A to Z: Barrett's Esophagus
Barrett's esophagus (ih-SAH-fuh-gus) is an uncommon condition in which the tissue lining the esophagus is damaged by stomach acid and is replaced by tissue that is similar to the lining of the intestines.
More to Know
The esophagus is a muscular tube that carries food and liquids from the mouth to the stomach. It is separated from the stomach by a muscle called a sphincter, which opens to allow food and drink to enter the stomach and then closes to prevent the food and drink from leaking back into the esophagus.
Barrett's esophagus is quite rare in children and is seen primarily in adults. Most people who develop Barrett's esophagus have gastroesophageal reflux disease (GERD), which causes stomach acid to flow back up into the lower esophagus. Doctors believe this damages the cells in the esophagus and causes them to change. It also can be seen in children with neuromuscular problems or structural abnormalities in their esophagus. In some cases, however, people can get Barrett's esophagus for no apparent reason.
Normally, the cells that line the esophagus are flat shaped (called squamous cells). With Barrett's esophagus, the cells are shaped like columns. This change in cells is a phase called metaplasia. If not treated, this phase may sometimes lead to cancer of the esophagus, although in most cases it doesn't.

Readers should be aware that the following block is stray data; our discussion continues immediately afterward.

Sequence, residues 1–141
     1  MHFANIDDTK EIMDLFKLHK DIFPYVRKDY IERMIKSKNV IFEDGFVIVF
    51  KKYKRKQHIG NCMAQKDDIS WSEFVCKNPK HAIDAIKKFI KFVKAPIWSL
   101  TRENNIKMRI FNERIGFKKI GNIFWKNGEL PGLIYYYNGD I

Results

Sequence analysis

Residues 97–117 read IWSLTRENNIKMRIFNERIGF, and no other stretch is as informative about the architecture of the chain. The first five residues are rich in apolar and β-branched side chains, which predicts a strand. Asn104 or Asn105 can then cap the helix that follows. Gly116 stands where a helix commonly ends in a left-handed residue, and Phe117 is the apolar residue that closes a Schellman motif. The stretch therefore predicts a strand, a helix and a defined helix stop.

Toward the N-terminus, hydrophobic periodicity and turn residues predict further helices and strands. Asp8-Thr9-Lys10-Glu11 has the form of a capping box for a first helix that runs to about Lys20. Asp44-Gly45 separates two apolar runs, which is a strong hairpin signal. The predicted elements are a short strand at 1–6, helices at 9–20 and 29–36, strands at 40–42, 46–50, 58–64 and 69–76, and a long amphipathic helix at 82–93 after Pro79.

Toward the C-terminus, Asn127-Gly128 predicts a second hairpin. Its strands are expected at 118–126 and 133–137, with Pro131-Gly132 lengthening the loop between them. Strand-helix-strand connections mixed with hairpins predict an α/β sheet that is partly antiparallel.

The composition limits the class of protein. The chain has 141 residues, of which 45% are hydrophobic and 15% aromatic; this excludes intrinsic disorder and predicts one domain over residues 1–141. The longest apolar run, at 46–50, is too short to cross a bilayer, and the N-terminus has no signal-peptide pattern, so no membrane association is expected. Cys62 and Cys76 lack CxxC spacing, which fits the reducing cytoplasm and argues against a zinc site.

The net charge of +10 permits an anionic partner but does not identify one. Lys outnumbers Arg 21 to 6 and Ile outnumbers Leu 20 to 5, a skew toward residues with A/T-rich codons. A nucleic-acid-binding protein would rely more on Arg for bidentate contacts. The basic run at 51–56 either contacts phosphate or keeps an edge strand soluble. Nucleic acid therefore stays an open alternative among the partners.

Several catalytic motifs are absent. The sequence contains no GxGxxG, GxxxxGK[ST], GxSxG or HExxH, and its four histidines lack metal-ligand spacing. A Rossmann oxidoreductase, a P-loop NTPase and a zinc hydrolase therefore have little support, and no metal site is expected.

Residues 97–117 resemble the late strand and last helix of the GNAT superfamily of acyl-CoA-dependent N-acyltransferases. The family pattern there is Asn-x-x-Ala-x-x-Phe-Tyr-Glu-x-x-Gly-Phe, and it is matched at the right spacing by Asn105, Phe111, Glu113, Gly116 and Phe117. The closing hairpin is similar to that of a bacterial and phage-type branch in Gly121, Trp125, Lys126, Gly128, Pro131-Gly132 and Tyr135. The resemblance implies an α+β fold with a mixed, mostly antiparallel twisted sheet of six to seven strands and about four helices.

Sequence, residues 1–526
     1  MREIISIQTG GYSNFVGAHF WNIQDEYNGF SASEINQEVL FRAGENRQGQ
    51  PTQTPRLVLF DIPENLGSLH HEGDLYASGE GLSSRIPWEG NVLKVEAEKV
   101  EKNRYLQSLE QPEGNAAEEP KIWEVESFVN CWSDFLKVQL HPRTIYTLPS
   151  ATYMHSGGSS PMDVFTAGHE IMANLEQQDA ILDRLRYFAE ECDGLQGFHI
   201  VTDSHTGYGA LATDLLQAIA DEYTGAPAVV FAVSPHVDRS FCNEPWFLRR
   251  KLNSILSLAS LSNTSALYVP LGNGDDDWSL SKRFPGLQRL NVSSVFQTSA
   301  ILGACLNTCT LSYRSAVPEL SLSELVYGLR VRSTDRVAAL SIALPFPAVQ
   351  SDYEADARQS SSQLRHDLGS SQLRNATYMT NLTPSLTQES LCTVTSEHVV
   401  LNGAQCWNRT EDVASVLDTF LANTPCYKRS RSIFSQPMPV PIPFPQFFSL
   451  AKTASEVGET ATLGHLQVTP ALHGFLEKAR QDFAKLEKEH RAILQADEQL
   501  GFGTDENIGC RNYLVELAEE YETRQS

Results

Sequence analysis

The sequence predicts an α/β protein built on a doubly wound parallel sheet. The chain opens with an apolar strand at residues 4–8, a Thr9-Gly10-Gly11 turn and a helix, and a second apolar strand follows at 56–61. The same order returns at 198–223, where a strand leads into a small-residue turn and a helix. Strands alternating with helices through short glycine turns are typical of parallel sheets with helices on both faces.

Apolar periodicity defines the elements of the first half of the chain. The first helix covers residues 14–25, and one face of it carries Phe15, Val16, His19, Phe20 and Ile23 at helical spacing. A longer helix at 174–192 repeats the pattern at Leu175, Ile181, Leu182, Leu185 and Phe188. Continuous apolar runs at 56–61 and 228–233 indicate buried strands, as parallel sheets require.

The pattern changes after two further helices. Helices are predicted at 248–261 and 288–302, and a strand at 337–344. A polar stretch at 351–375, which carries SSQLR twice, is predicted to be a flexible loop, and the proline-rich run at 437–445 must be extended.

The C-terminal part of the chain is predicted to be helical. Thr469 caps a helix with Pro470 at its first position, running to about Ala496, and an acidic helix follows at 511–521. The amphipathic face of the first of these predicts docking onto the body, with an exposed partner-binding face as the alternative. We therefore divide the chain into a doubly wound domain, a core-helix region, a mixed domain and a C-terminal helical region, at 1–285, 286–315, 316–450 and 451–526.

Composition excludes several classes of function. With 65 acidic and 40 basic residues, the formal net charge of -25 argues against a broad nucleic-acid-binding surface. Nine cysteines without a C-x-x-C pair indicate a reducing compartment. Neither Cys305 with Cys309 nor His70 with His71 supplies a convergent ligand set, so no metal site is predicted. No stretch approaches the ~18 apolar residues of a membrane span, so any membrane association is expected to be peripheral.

Barrett's esophagus doesn't cause any symptoms on its own, but GERD may cause heartburn, chest pain, and difficulty swallowing food.
Treatment usually involves treating the acid reflux associated with GERD. In severe cases that seem likely to lead to cancer, surgery may be done to destroy the abnormal cells or remove part of the esophagus.
Keep in Mind
Barrett's esophagus is rare in children. Treatment won't reverse the condition; once the cells have changed, they can't change back. But proper treatment and certain lifestyle changes — such as maintaining a healthy weight; eating healthy foods; not smoking; and eating smaller, more frequent meals — can ease symptoms and keep Barrett's esophagus from getting worse. A doctor may prescribe medications that can limit GERD symptoms. Rarely, in severe cases doctors might recommend surgical removal of the affected portion of the esophagus.
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Note: All information is for educational purposes only. For specific medical advice, diagnoses, and treatment, consult your doctor.
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